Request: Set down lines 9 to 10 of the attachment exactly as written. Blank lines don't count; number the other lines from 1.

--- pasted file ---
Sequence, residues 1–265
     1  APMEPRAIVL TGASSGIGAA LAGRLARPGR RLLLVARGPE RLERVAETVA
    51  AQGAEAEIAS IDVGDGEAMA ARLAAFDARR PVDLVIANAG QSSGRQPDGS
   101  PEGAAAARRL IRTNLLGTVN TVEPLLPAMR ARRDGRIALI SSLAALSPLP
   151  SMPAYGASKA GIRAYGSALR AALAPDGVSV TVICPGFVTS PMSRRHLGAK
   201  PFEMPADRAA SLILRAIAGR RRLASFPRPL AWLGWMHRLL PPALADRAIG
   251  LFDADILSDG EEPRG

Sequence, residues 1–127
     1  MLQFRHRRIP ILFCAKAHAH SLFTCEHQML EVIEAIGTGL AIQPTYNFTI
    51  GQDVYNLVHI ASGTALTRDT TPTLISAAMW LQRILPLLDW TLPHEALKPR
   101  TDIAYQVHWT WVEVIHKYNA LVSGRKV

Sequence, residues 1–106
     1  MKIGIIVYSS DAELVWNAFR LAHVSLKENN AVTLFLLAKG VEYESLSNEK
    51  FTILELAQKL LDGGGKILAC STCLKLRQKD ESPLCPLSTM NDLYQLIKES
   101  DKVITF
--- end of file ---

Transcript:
     1  MLQFRHRRIP ILFCAKAHAH SLFTCEHQML EVIEAIGTGL AIQPTYNFTI
    51  GQDVYNLVHI ASGTALTRDT TPTLISAAMW LQRILPLLDW TLPHEALKPR